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UN Sanctions Short-Term Use of DDT to Fight Malaria

The United Nations Environmental Program (UNEP) will allow developing countries whose populations suffer heavily from malaria to continue spraying the controversial insecticide DDT (dichlorodiphenyltrichloroethane) until an effective vaccine is found. UNEP’s decision, which was announced in early May, is seen as acknowledging a need among developing countries to use DDT to fight malaria, while urging rapid development of vaccines for a sustainable long-term strategy.

DDT was instrumental in eliminating malaria in North America and Europe in the mid-twentieth century, but concerns over harmful environmental effects largely ended its use in the 1970s. Among DDT’s most vocal critics is the Worldwide Fund for Nature (WWF), which cites evidence of devastating consequences for wildlife thousands of miles away from where the chemical was used. While studies have suggested DDT may pose threats to human health, including reproductive and neurological damage, a conclusive link has not been established.

Proponents of DDT from both developing and industrialized countries contend that DDT’s protective qualities and low cost outweigh environmental hazards in poor countries.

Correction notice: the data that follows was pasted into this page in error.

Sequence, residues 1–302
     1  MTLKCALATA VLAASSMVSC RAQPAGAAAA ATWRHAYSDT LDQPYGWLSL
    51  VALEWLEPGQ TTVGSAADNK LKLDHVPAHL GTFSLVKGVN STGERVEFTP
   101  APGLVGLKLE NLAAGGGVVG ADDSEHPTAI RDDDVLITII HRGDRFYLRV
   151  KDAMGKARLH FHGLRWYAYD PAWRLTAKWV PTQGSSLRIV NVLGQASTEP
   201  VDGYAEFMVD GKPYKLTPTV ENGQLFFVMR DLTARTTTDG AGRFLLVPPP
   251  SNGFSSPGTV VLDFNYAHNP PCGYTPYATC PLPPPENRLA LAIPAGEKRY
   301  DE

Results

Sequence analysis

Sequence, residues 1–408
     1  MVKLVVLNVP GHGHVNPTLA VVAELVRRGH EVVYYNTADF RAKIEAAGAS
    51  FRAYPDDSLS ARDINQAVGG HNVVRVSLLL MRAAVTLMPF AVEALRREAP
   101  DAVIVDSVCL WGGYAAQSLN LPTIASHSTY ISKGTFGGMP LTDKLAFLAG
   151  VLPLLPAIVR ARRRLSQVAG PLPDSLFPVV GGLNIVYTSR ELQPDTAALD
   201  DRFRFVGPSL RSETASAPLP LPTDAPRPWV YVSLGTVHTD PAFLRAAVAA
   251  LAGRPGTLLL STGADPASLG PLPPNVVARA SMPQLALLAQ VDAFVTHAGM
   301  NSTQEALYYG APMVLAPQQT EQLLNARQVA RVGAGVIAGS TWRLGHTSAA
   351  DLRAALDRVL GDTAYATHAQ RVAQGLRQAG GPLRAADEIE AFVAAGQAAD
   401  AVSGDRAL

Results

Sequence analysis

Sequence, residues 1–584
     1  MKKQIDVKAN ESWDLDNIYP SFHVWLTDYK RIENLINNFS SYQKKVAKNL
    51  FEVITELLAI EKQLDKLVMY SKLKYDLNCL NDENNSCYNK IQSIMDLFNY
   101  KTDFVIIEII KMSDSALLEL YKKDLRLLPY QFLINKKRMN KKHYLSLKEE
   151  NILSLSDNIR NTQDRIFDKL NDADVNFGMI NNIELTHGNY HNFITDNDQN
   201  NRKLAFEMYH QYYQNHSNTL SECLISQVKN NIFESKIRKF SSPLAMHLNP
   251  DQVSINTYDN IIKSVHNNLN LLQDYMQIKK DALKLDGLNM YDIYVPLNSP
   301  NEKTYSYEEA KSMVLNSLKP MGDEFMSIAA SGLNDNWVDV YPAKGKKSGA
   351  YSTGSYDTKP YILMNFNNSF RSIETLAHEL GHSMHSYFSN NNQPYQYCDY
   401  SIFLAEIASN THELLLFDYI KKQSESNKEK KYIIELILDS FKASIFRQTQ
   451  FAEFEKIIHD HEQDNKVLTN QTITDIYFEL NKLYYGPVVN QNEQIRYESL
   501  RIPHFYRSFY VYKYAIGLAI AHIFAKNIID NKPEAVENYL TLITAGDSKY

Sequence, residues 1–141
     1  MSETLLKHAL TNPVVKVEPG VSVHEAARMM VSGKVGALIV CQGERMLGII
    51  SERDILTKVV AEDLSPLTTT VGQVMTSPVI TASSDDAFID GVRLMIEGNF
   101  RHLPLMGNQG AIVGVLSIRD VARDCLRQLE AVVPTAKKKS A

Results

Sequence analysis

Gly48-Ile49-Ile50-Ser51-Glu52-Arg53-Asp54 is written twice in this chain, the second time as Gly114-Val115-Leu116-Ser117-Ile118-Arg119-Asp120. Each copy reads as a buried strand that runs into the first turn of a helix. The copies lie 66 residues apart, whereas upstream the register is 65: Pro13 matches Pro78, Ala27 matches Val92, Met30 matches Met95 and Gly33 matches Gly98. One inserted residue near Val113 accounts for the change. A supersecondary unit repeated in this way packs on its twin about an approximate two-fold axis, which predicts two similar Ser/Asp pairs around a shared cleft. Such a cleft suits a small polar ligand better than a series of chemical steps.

In Africa, where malaria kills approximately one million people a year, most of them children, the relatively inexpensive DDT remains an attractive option. Malaria is estimated to cost the continent approximately $12 billion each year, a cost that includes lost productivity, school absenteeism and treatment.

The conflict has taken center stage in countries such as Mozambique, where over one third of deaths of children under five are due to malaria. Mozambique’s government claims that donors’ aversion to DDT leads to less effective anti-malarial projects. An agreement between the government and the Global Fund to Fight AIDS, Tuberculosis and Malaria allotted $12 million in 2004 for anti-malarial programs such as insecticide-treated bednets, which successfully protect against the disease. Yet despite these efforts, most Mozambican children still lack access to treated bednets and other means of protection.

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